(Quick aside: Have you ever found it interesting that in America, where, notwithstanding Bernie Sanders' presidential run, the word socialist is pretty much a slur, we choose to enforce salary caps in most of our professional sports in order to maintain "a level playing field?")
Now imagine that Boise, featuring players no one else even dreamed of wanting, had a 3-0 series lead and a 15-point lead at halftime in game four of the NBA finals. Imagine the bricks you would be shitting.
To call this story "unlikely" doesn't do it justice. If it weren't actually happening, it would sound like a story that had been rejected by Hollywood as too maudlin.
That's what Leicester are on the brink of accomplishing.
Speaking of Hollywood: Leicester City's biggest star is their forward, Jamie Vardy. Just four years ago, he was plying his trade for non-League Fleetwood Town. Now, he is the second-top scorer in the Prem, currently just one goal behind Harry Kane. The conversation piece of, "If they made a movie about your life, who would play you?" is in his case not academic: right now the rumored names include Ryan Gosling, Matt Damon, and Leonardo DiCaprio. (All of whom, you'll note, are North American. But maybe that isn't as outrageous as it sounds. Currently topping the list to play me in the movie version of my life are two Brits, Sir Ben Kingsley and Idris Elba.)
And if I were Hollywood, why stop there? A rags-to-riches biopic about handsome, hardworking Jamie Vardy is pretty obvious. Why not a movie about the unlikely triumph of the team as a whole? We'll frame it within a rom-com and give it a name that's a trying-to-be-clever pun on some football term. Off the Bar or something like that. I'd cast Rosario Dawson as a plucky, slightly scattered and strangely nationalistic American graduate student who initially abhors what she derisively calls "soccer," declaring early in the movie that "properly speaking, football is a game played by armored gladiators carrying the ball with their hands." But she discovers an unlikely love for the game via her equally unlikely relationship with a diehard Leicester City fan, a charming, hangdog pub owner played by Colin Firth. I see dollar signs, Hollywood, and I know you do too. Call me.
But I digress.
As of last weekend, Leicester officially qualified for next year's Champions League, which means that next fall, several teams from the most rarefied stratum of world football--teams like Real Madrid, Barcelona, Bayern Munich, and AC Milan--will come to tiny Leicester to do battle in the King Power Stadium.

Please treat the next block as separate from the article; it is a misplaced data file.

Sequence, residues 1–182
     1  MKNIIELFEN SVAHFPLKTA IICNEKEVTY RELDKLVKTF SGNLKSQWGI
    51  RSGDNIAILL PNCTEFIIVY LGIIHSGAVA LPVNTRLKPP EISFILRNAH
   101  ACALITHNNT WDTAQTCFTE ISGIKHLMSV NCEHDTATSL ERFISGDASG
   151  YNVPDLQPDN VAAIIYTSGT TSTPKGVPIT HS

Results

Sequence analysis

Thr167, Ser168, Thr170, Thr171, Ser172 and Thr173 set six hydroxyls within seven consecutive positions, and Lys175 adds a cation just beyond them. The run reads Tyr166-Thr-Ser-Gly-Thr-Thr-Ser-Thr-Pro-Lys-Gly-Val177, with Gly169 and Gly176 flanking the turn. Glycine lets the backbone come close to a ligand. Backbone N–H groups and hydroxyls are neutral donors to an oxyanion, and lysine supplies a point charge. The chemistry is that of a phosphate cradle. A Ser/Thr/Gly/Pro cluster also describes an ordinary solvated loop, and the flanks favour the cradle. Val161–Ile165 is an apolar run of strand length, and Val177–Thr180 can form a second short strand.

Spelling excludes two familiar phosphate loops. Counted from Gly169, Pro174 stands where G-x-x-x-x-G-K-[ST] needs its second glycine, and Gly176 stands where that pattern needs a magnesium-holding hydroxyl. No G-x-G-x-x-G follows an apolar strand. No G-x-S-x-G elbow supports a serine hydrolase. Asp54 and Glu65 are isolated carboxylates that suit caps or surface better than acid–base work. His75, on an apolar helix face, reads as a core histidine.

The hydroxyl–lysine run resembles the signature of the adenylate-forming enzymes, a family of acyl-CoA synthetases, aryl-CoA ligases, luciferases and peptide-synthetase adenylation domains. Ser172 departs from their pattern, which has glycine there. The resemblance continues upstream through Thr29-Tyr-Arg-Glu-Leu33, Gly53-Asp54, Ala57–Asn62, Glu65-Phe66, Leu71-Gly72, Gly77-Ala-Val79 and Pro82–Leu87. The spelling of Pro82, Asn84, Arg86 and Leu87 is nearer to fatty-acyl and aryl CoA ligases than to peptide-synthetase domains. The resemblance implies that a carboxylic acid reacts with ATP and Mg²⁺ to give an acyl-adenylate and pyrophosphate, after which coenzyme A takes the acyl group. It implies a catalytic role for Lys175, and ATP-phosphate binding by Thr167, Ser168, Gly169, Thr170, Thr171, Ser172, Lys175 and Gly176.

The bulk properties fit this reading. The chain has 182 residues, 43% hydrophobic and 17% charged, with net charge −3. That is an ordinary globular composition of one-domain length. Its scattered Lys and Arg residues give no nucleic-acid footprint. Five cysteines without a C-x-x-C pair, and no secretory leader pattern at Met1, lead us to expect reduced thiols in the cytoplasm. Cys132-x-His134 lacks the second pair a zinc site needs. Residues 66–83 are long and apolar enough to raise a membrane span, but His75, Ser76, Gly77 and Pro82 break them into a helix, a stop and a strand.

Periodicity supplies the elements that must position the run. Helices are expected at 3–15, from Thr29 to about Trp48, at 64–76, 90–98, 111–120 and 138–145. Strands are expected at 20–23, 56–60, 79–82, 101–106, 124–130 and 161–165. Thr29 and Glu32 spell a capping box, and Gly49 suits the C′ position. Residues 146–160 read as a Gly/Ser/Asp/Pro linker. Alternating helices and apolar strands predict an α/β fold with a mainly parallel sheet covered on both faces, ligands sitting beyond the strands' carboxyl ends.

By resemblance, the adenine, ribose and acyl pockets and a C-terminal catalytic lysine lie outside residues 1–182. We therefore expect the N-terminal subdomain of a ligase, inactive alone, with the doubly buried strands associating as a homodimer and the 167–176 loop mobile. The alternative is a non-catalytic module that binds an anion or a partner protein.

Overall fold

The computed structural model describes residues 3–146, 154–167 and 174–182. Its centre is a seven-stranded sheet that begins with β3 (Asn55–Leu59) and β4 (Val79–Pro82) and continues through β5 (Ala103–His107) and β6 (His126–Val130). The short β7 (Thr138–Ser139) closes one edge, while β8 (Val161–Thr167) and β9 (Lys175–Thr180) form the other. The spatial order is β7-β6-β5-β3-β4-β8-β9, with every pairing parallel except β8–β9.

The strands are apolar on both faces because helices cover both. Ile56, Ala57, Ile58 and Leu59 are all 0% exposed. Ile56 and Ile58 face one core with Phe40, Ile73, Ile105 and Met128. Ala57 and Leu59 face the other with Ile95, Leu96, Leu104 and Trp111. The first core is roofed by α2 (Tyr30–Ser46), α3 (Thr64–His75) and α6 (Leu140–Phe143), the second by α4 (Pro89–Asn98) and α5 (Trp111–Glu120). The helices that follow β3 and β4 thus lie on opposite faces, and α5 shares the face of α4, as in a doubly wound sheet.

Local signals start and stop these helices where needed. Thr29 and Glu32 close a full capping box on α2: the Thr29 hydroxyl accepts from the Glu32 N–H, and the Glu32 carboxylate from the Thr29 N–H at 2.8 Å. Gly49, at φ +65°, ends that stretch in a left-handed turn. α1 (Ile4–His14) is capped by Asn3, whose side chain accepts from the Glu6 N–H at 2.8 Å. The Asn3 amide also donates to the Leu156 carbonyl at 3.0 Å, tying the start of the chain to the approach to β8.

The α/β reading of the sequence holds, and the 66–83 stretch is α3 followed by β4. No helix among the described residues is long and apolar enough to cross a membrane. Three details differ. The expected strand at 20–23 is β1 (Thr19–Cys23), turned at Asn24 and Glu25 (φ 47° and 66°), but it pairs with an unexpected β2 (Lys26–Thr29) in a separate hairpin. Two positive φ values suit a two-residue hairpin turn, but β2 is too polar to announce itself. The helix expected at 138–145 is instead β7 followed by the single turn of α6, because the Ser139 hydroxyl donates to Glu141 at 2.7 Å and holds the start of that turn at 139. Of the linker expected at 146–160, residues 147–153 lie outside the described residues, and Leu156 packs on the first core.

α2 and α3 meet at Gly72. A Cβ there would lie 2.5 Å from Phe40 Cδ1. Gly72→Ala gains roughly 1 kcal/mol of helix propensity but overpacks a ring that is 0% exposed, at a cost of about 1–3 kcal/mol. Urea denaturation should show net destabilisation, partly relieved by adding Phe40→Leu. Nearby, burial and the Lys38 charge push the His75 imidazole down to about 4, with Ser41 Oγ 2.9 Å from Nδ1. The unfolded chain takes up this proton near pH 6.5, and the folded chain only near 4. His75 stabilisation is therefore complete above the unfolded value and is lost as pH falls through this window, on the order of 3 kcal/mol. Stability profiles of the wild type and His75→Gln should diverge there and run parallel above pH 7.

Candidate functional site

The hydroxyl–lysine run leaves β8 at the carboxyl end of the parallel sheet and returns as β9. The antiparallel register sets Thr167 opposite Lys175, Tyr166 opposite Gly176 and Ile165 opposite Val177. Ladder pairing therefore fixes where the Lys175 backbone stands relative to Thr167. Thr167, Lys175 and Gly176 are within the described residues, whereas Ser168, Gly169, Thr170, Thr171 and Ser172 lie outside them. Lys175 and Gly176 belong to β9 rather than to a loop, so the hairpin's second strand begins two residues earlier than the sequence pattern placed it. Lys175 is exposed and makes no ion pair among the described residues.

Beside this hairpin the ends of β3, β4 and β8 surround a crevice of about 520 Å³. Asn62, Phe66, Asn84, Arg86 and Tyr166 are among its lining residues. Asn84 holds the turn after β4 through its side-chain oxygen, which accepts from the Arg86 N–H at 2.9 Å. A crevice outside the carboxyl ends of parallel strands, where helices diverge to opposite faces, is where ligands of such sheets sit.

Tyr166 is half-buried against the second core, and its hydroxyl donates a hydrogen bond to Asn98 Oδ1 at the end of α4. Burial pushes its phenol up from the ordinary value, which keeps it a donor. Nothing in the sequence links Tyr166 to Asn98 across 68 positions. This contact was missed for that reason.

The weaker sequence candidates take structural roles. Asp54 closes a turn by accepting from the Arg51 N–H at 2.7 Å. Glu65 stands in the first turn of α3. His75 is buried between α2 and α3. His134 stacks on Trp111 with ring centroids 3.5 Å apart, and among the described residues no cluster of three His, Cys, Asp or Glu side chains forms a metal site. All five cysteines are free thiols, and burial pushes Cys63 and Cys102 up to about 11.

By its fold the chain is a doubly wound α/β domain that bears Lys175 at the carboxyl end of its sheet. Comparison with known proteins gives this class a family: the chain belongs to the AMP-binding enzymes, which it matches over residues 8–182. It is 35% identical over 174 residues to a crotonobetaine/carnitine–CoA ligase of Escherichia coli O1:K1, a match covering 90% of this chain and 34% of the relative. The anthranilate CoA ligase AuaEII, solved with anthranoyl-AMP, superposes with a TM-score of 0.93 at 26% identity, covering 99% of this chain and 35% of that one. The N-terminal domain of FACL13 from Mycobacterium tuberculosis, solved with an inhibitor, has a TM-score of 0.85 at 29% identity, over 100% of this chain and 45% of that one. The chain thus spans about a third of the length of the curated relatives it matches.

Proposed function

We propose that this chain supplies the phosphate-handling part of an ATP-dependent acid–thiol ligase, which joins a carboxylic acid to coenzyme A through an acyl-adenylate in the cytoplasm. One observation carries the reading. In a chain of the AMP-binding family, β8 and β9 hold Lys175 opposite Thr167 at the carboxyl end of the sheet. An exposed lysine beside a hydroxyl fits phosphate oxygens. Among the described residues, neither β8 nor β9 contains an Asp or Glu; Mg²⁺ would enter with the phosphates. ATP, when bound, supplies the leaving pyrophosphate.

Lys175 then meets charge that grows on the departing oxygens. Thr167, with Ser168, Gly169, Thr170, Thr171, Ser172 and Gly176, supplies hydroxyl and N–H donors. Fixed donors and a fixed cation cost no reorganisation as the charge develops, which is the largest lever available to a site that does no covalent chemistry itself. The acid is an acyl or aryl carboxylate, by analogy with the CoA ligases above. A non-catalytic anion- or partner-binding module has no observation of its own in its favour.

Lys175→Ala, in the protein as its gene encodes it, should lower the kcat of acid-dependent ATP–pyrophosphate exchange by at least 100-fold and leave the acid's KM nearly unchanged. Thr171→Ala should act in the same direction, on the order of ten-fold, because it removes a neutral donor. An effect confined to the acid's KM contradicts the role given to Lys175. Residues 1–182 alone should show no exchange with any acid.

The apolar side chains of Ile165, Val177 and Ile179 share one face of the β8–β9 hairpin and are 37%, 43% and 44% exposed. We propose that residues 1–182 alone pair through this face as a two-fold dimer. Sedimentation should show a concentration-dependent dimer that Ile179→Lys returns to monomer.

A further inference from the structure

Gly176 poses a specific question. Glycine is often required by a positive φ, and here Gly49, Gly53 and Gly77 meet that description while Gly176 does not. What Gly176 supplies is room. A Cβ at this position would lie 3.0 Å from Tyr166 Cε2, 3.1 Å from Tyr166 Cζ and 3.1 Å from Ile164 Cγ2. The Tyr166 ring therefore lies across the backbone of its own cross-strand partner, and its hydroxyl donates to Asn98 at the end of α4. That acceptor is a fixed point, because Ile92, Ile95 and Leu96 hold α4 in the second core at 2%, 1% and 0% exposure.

At this point, only a collapse more complete than Jordan Spieth's will keep them from winning the title. As I said above, assuming Tottenham are perfect from here, which includes a game at Stamford Bridge against Chelsea, Leicester need to take nine points from their remaining five games. That's three wins or two wins and three draws. Admittedly, they have a tricky schedule the rest of the way. They play against West Ham this weekend, then have a relatively easy game against Swansea at home, a somewhat trickier match against Everton, before finally finishing the season with tough matches away at ManU and Chelsea. But the assumption of perfection from Spurs is, shall we say, a difficult one. And Leicester's path got a little easier when West Ham, holding an outside chance at qualifying for the Champion's League, had a bad call in their game against Crystal Palace two weekends ago lead to a player being sent off, after which Palace equalized, and then last weekend against Arsenal saw blown offside calls incorrectly negate a goal for them and allow one for Arsenal. Both matches ended in draws. Then West Ham lost at home to a mediocre Manchester United side in a quarterfinal F.A. Cup replay yesterday. They're looking a bit demoralized.
I am a die-hard Tottenham fan. This is Spurs' best chance of winning the league since 1961, and I'm nevertheless excited at the prospect of Leicester winning the league. You should be too. You should watch. It's gonna be great.
1 Mike Burns played defense for the USMNT during the 1998 World Cup. The USMNT played Iran in the first game of the U.S.'s ignominious 32nd-out-of-32-teams performance. On one Iranian corner, Burns had the defensive role of covering one of the posts. Iran scored between him and the post, leading some clever commentators to point out that on that play, actual flesh-and-blood Mike Burns would have been outperformed by a cardboard cutout of Mike Burns.